The Importance of Omega

Omega-3 ALA, also known as alpha-linolenic acid, is a type of polyunsaturated fat that is considered essential for your health. Because your body can’t make omega-3 ALA, it is considered an essential nutrient which must be supplied by foods in your diet.

What are food sources of omega-3 ALA?

Omega-3 ALA is primarily found in vegetable oils such as canola, soybean and flax as well as soft spreads made from these nutritious oils, and in walnuts and flax seeds. Omega-3 ALA is also found in smaller amounts in cereals, breads, grains, nuts and seeds. Salad dressings made from canola and soybean oils, such as Wish-Bone® Italian Dressing, provide a good source of omega-3 ALA.

Source: USDA National Nutrient Database for Standard Reference, Release 21 (2008)

How can I make smart food choices to get the omega-3 ALA I need?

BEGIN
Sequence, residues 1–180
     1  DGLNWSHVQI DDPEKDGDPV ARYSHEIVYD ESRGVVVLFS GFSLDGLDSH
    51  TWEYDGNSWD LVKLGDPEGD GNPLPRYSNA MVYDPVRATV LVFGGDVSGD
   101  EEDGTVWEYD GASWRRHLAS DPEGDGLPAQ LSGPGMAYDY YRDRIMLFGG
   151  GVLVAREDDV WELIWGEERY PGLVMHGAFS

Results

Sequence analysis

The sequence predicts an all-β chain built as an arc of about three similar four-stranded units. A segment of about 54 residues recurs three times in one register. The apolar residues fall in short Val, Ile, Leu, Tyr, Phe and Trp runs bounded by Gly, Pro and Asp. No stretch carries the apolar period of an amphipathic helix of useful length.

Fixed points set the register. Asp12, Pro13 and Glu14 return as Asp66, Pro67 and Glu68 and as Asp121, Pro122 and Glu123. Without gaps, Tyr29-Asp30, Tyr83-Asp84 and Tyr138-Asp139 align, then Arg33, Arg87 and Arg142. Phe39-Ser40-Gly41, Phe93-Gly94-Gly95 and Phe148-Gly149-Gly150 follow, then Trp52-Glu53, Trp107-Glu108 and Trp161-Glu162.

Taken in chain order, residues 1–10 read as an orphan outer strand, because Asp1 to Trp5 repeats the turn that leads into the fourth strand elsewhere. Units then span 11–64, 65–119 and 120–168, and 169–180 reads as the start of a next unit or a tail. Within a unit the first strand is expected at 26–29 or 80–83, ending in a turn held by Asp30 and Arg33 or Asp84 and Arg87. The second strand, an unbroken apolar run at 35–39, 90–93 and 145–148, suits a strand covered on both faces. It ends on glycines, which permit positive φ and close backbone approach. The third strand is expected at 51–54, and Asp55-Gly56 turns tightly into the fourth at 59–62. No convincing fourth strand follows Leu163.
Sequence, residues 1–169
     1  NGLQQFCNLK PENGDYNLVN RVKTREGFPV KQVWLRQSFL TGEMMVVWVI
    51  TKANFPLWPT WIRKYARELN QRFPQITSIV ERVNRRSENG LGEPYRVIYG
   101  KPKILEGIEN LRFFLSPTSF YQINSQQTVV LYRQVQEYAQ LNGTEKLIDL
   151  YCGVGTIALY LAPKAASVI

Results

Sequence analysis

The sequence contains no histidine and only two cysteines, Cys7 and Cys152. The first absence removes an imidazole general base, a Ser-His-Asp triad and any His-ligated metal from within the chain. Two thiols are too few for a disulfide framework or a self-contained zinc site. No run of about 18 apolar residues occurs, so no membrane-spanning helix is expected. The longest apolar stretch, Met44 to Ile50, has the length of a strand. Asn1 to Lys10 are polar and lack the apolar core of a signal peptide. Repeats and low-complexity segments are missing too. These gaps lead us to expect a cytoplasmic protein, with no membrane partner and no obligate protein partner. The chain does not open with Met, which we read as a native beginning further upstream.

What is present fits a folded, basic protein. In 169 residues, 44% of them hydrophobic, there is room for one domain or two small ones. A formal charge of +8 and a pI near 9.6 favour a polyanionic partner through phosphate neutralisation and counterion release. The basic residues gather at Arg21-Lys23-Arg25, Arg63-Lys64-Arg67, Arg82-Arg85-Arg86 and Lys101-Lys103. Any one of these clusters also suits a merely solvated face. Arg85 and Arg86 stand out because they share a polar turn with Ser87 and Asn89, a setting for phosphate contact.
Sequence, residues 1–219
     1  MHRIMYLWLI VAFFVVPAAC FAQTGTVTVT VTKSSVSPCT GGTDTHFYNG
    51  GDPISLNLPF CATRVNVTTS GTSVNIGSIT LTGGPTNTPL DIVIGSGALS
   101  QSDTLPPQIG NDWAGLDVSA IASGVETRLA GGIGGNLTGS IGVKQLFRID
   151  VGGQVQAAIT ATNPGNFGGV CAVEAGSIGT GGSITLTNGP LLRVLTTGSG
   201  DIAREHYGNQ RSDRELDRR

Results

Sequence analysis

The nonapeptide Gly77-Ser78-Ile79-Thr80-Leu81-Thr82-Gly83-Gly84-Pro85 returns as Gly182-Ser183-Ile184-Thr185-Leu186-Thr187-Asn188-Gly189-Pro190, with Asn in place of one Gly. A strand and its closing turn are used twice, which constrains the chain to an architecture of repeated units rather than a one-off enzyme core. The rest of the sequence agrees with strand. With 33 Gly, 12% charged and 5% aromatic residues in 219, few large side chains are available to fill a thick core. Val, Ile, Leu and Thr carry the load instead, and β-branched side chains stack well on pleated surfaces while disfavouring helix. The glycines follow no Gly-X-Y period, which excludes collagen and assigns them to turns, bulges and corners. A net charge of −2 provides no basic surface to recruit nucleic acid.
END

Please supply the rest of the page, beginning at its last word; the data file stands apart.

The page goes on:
Some leading health authorities recommend substituting vegetable oils and food sources high in omega-3 ALA for oils and foods high in saturated fat (without increasing calorie intake). The Nutrition Facts Label makes it easier to compare different foods so you can choose foods that have more of the nutrients you want and less of those you don’t. Look for foods that contain 20% or more of the DV per serving (excellent sources of omega-3 ALA) and those that contain between 10% and 20% of the DV (good sources of omega-3 ALA).

In addition to getting an adequate intake of “good” fats, it’s important to limit your intake of saturated fat, trans fat, and cholesterol. When comparing different foods, read the Nutrition Facts Label and combine the grams (g) of saturated fat and trans fat and look for the lowest combined amount to make the best choice for your diet.

Which Wish-Bone® dressings are a good source of Omega 3 ALA?

References

Dietary Guidelines for Americans, 2005; available at:

http://www.health.gov/DietaryGuidelines/

Subcommittees on Upper Reference Levels, Institute of Medicine of the National Academies. Dietary Reference Intakes: Energy, Carbohydrate, Fiber, Fat, Fatty Acids, Cholesterol, Protein, and Amino Acids. Washington, D. C. National Academies Press; 2002/2005.

Position of the American Dietetic Association and Dietitians of Canada: Dietary Fatty Acids. J Am Diet Assoc. 2007;107:1599-1611.

International Food Information Council Foundation

http://ific.org